A single conversation can change your life. It happened to me when I was in my early thirties: One Sunday after church, I saw Wallace Alston, the senior pastor of Nassau Presbyterian Church approaching me. Hoping I wasn't Alston's intended conversation target, I made several moves to the left and the right. My attempts at avoiding eye contact didn't shake him. It was clear he wanted to talk to me.
Without any introduction or greeting, he approached and declared, "Wayne, you belong in Seminary."
At first I was confused, and looked to either side, as though I was looking for another Wayne he might have been talking about. "Who me?" I responded.
When it became clear that he was indeed talking to me (there were no other Waynes around), I was horrified. What was he talking about? What if someone else heard us? With a nervous grin, I responded, "You have the wrong guy." I was a pastor's kid. I knew that seminary wasn't for me.
"Not at all," he said. For the next fifteen minutes or so, we had and awkward, nervous, unexpected conversation. Thinking back on it, I'm not sure if I stayed to be polite or because deep down, there had always been an unspoken -and in many ways, unimagined - thought that someday I might like to go to seminary
What was powerful about this conversation was that it appeared out of the blue. Of course, it wasn't. But to me, it had seemed unexpected. Wallace was a man who had watched me over the years, and could sense in me something that I didn't see in myself. He knew that I was struggling with how to integrate my commitment to serve the world with a loosely defined faith that was more cultural than anything else. He saw how unsettled I was and believed (rightly so as it turned out) that going to seminary would transform me personally and professionally. There was no talk about becoming a minster. Instead, he talked about starting a journey into the mystery of faith with conviction rather than certainty.
It was Wallace who took risk to approach me. I remember the conversation was uncomfortable, at least at first, and in the initial exchange I did everything I could to convince him that I was neither interested nor fit for seminary. But Wallace was persistent. His courageous engagement of me cut through my self-doubt and replaced it with imagination, possibility and clarity.
Every person I know that attended seminary has shared with me a similar type of conversation - one that caught them off guard, that caused them pause, and granted permission to enter a place that had long been in one way or another off-limits. Vocational calls to discern begin with conversations.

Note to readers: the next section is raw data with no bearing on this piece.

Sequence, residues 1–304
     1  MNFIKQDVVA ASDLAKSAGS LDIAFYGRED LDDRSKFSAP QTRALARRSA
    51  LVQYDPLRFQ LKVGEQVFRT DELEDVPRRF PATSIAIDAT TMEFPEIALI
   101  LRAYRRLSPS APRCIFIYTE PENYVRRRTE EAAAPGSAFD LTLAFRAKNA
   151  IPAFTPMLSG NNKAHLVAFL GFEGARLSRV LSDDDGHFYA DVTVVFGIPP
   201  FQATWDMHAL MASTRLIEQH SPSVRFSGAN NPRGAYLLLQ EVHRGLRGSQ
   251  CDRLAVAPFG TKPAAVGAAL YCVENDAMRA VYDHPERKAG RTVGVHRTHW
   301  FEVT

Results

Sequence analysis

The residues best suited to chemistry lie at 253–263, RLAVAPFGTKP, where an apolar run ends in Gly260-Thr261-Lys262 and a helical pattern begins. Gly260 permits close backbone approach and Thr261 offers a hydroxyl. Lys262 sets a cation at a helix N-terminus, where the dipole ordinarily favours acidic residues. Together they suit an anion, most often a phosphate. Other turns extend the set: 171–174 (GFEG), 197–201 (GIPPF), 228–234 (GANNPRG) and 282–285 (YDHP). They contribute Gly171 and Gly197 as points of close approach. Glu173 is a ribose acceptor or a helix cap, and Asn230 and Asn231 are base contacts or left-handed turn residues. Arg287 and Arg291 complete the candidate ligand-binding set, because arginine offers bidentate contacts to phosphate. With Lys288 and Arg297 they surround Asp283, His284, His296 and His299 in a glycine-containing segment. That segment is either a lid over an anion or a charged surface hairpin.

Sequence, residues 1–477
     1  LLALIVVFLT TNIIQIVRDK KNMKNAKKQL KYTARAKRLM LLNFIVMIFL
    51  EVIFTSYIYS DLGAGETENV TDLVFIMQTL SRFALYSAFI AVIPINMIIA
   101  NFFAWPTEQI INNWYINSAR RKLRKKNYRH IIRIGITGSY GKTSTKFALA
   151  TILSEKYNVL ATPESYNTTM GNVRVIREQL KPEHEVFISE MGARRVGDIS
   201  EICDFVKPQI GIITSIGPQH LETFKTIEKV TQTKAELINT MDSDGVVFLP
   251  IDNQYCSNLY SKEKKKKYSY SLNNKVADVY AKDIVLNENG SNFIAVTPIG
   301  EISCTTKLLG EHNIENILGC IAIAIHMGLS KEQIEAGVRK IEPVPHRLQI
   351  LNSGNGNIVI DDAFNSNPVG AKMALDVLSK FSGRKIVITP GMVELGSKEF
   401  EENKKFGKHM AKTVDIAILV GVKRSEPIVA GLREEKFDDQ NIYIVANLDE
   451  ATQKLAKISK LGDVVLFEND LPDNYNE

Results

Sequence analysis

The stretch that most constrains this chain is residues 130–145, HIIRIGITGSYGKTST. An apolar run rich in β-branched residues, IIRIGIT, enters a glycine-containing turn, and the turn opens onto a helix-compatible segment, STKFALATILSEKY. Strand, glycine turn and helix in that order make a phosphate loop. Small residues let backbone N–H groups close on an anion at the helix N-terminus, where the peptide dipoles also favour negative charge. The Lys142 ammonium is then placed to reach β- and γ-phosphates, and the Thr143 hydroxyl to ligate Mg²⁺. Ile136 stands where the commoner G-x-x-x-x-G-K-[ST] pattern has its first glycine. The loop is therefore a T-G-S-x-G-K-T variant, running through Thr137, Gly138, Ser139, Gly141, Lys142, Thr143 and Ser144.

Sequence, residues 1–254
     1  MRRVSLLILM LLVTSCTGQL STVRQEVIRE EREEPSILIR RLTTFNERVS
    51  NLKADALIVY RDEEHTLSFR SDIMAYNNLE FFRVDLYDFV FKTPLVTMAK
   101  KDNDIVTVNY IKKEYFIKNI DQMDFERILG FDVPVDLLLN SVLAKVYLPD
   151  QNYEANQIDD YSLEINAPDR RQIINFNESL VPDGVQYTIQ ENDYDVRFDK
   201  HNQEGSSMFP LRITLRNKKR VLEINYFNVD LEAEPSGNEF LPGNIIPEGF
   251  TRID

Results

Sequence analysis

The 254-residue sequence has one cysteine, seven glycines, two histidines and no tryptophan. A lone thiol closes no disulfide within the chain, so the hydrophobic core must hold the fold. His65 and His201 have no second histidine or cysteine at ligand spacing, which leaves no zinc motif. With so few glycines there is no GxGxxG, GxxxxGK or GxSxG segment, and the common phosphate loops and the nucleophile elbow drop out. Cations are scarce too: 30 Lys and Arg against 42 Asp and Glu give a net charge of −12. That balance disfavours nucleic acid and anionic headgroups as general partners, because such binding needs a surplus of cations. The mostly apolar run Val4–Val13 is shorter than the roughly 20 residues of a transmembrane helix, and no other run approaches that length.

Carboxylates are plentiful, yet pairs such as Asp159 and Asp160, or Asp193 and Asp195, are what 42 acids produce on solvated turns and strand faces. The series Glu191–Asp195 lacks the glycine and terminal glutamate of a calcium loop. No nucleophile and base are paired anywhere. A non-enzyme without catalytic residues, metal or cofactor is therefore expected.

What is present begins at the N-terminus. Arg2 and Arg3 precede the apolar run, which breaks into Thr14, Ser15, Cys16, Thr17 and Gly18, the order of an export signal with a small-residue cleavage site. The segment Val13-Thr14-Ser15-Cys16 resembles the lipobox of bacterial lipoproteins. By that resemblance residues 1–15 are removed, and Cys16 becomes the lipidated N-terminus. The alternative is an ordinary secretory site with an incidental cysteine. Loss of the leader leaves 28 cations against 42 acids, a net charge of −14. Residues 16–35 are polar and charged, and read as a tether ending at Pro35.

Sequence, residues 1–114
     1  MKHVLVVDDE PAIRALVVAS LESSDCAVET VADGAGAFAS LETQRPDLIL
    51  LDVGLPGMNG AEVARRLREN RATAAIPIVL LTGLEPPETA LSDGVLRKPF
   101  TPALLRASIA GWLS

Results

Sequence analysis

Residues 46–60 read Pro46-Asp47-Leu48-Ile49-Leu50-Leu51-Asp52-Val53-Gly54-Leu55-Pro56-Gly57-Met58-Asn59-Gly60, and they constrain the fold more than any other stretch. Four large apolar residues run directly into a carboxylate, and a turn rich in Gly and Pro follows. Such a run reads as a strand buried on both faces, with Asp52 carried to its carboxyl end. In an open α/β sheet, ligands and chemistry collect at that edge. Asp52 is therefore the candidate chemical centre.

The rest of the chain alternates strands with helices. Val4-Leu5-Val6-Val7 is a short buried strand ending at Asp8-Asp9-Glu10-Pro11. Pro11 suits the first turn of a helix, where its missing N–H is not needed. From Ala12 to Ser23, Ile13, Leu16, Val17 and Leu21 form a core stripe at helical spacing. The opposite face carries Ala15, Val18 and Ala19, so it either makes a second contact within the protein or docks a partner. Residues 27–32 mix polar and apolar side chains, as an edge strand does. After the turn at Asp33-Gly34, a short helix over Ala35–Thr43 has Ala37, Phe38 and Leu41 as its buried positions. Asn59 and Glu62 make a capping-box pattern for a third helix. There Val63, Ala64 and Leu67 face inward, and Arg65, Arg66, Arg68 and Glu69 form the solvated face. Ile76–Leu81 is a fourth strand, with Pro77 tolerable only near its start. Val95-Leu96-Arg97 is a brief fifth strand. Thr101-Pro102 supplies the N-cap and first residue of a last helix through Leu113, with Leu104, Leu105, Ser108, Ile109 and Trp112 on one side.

So where are these conversations happening now? I worry that in today's culture, where we don't want to introduce, to presume, to assume or to make people feel uncomfortable, the type of conversation I had with Rev. Alston are becoming extinct. Nowadays, we assume that if someone wants our help, they know where to find us.
Yet these conversations need to happen now more than ever. That is why the Center for Faith and Serve has launched Theological Education Week. From now until All Souls Day (November 1) seminarians, alums, clergy and others are encouraged to have courageous conversations with those in their midst.
This week, we are asking:
Current seminarians and graduates to reach out to one peer you feel you would benefit by at least exploring the possibility of enrolling in a seminary or divinity school.
Clergy to identify two people in their congregation who they feel have gifts for ministry however that gets defined and let them know your feelings and what you see in them...
Seminaries and Divinity Schools to reach out to the Career Service Offices at three colleges and universities where they have or want to have strong ties. Traditionally, recruitment for theological education has come from the chaplains and religious life offices. This year (and in particular, this week) we are encouraging schools to broaden their reach to include these departments that serve millions of current students, graduating seniors and alums in their discernment process. The intent of this exercise will be to replace the old stereotypes of theological education with the new realities of the present. To borrow from an old Oldsmobile add, "This is not your fathers Seminary."
So take advantage of this moment in time. The timing and energy of Theological Education Week is a call to move these conversations from the back burner to the top of the agenda.
If you or someone you know want to have a conversation with someone who's knowledgeable about theological education (and who won't push any particular institution) fill out this form, and someone will reach out to you. You can also visit the Seminaries that Change the World site (www.stctw.org), a comprehensive -though not complete! - list of prophetic institutions that are working to change the world.